Kentucky Attorney General says customers suffer due to Marathon's greed

LOUISVILLE, Ky. (WDRB) --  A federal judge in Louisville has turned down Marathon Petroleum’s request to dismiss Kentucky’s lawsuit alleging the Ohio oil refiner has a monopoly on the supply of gasoline in Louisville and Northern Kentucky.

The June 8 ruling by U.S. District Judge David Hale means the lawsuit will move into the evidence-gathering stage, with all but one of the state’s claims against the company remaining intact.

Former Kentucky Attorney General Jack Conway filed the lawsuit last year before his unsuccessful run for the governor. Conway’s successor, Andy Beshear, is “actively pursuing the case,” according to a statement Monday.

“We agree with judge’s decision and we will move forward aggressively on the merits,” Beshear said.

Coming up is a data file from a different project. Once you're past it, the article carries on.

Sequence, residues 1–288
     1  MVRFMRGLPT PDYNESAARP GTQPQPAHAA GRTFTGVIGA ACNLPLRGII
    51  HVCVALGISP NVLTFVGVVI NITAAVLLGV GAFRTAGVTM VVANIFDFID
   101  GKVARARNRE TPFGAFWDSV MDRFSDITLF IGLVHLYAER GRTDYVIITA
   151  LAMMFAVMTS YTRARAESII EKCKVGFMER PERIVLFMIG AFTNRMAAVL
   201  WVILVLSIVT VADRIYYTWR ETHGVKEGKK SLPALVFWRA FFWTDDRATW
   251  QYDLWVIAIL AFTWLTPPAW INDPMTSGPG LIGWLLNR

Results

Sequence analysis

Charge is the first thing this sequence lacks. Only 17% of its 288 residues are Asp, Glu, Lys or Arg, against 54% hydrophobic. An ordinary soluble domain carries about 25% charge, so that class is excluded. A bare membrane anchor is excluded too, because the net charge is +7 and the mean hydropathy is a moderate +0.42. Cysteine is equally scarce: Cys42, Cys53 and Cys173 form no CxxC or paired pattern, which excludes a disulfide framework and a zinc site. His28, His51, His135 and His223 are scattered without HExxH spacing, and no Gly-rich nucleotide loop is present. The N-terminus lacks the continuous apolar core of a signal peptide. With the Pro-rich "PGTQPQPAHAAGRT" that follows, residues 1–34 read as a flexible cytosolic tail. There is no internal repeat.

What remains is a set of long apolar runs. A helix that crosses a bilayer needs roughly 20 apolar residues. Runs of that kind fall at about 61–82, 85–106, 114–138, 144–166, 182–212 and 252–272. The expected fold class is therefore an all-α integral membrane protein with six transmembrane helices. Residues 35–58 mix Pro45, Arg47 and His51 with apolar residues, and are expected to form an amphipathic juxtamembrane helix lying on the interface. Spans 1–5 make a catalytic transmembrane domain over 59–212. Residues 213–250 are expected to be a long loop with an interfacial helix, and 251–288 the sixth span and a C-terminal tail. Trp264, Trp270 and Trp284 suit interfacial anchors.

The lawsuit alleges that Marathon has used anti-competitive tactics to maintain a monopoly over the supply of the cleaner-burning reformulated gas known as RFG in Louisville and Northern Kentucky, which has led to higher prices for consumers.

For example, the state alleges that Marathon has “supply agreements” with retailers requiring them to buy all of their RFG gas from Marathon or pay a penalty.

Hale said that allegation, among others, is specific and factual enough to avoid Marathon’s attempt to dismiss the claims outright.

Meanwhile, Hale has not yet ruled on a Marathon filed a motion challenging the state’s hiring of outside lawyers with antitrust expertise to assist in the case.

As WDRB previously reported, Conway’s office hired Boies Schiller & Flexner, of New York, and Strauss Troy Co., of Cincinnati, on a contingency fee basis. That means the lawyers will get a cut of the damages earned if the lawsuit is successful.

But Marathon said the state’s arrangement gives the outside law firms too much control over the case and creates a conflict of interest. For example, the state can’t agree to a non-monetary settlement or drop the case without having to compensation the outside firms for their time on the case at their hourly “market rates,” according to Marathon’s motion.

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